Some of my best investments have been in the healthcare space. It?s not difficult to see why, since the sector offers a potent mix of growth and defensive prospects.
This means that companies such as CSL Limited (ASX: CSL) or Cochlear Limited (ASX: COH) in the healthcare sector have the potential to record strong share price rises whatever the market conditions.
Take right now as an example.
Global stock markets are exceptionally volatile following Brexit and in fact fell heavily in the first couple of days after the result was announced. The ASX slumped by over 4% within two days of Brexit and…
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Some of my best investments have been in the healthcare space. It’s not difficult to see why, since the sector offers a potent mix of growth and defensive prospects.
Take right now as an example.
Global stock markets are exceptionally volatile following Brexit and in fact fell heavily in the first couple of days after the result was announced. The ASX slumped by over 4% within two days of Brexit and yet CSL’s share price was still at breakeven at close on Monday June 25. It has now risen by 3% since Brexit was announced, while the ASX is still down by 1%.
This defensive appeal centres on the fact that CSL’s financial performance is less positively correlated to the economy than is the case for almost all non-healthcare stocks. Its pharmaceutical, vaccines and plasma segments are more closely linked to the outcome of R&D rather than the result of a referendum.
This appeals to investors whether they are risk-on or risk-off, since it means there is growth potential whether the wider economy is performing well or not.
CSL and many of its healthcare stocks also have appeal to private and institutional investors alike because their share prices tend to move by less than the index in the short run. By this, I mean that their shares are less volatile than the ASX and this means that they can help reduce the overall volatility of a portfolio. This makes them even more popular choices during volatile times like the present.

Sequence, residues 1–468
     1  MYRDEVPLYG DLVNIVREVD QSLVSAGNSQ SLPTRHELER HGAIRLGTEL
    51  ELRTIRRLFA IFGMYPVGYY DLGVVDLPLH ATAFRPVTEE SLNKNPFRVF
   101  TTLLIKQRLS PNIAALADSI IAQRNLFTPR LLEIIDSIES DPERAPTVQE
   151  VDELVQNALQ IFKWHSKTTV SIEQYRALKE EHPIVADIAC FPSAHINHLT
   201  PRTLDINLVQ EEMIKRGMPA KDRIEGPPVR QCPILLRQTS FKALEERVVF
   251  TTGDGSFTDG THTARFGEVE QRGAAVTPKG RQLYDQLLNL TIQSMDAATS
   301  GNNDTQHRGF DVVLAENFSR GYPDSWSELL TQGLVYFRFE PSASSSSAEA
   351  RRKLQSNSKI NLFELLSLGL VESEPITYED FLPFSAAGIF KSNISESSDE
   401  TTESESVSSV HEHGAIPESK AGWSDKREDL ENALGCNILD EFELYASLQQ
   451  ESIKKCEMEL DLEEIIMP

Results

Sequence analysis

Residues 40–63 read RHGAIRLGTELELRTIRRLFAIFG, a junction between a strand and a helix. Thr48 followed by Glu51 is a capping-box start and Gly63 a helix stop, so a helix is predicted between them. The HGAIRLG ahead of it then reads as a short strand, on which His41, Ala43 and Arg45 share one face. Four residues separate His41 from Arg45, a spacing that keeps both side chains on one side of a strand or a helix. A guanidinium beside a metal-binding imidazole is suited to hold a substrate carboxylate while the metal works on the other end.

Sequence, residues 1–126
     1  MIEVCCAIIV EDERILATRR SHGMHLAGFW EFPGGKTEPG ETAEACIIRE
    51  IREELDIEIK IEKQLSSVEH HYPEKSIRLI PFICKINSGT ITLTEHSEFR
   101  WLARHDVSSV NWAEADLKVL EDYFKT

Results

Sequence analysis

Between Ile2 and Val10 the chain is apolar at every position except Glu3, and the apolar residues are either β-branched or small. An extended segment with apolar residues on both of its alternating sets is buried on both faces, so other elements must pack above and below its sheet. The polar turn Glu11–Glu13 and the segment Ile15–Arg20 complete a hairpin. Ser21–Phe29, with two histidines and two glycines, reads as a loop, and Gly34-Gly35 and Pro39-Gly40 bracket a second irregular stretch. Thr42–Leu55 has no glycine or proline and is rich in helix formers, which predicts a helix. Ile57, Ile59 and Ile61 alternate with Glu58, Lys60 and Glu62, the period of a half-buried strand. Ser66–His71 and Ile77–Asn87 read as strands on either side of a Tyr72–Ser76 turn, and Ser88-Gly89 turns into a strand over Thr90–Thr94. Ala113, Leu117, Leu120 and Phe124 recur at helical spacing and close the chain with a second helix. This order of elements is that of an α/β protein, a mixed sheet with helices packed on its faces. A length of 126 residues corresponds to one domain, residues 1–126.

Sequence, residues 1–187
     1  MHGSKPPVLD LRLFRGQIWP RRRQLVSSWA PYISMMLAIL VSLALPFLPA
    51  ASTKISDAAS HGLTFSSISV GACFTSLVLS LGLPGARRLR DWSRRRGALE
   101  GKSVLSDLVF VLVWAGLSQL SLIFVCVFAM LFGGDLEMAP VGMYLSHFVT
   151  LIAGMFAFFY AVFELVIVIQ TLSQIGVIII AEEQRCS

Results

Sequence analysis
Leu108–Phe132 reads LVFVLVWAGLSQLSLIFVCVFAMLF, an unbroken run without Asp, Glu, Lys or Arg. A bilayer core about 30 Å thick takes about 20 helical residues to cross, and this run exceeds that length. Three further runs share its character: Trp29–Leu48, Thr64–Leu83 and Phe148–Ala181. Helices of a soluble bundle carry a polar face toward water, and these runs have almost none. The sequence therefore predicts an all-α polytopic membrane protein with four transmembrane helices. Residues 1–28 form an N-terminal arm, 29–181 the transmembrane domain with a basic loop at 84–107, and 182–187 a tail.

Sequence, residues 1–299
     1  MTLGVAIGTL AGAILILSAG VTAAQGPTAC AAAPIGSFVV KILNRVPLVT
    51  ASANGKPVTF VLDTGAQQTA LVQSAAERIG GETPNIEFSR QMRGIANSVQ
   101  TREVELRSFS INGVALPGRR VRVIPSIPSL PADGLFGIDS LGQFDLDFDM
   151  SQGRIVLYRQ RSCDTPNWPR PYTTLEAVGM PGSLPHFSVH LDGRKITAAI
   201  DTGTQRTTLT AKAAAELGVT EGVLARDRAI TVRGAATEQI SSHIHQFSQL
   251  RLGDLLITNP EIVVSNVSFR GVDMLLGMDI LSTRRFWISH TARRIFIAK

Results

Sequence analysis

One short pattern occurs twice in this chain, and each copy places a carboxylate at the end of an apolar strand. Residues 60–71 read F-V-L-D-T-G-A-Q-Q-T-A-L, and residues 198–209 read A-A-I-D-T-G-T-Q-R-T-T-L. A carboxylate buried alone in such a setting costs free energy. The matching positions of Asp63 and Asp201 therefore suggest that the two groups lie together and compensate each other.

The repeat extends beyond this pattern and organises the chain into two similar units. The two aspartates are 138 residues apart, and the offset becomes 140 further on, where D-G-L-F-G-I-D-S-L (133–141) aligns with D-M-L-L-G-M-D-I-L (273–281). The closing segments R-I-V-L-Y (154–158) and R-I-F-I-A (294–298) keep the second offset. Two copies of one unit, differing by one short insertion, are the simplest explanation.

For instance, CSL has a beta of 0.6 and this makes it 40% less volatile than the ASX on paper. In my experience this figure is low even for a healthcare company and this goes some way to explaining why CSL is 4% higher than the ASX in the post-Brexit world.
Clearly, CSL’s 255% share price rise in the last five years is not just down to external factors in terms of investors seeking out defensive growth stocks. It is also performing well as a business, too. For instance, CSL’s strategy is focused on expanding its geographic reach and also in investing heavily in its commercial capabilities to take advantage of new product launches such as its novel recombinant coagulation products.
Further, CSL is investing in its R&D capabilities and has the cash flow to do so. Free cash flow stood at just over US$1bn last year and while investors may feel that a greater proportion than 53% of this figure should be paid as dividends, I think that CSL should maintain a modest payout ratio. That’s because in my view CSL can allocate capital to high-growth projects more efficiently than its investors.
And besides, investor sentiment is high due to CSL’s annual forecast EPS growth of 13% over the next two years, so rapidly rising dividends are unnecessary in my view.
So, with the healthcare sector offering prime defensive growth opportunities and CSL having the strategy, business model and financial performance to push its share price higher, in my view it remains one of the best stocks to own on the ASX.
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Motley Fool contributor Robert Stephens has no position in any stocks mentioned. The Motley Fool Australia has no position in any of the stocks mentioned. We Fools may not all hold the same opinions, but we all believe that considering a diverse range of insights makes us better investors. The Motley Fool has a disclosure policy. This article contains general investment advice only (under AFSL 400691). Authorised by Bruce Jackson.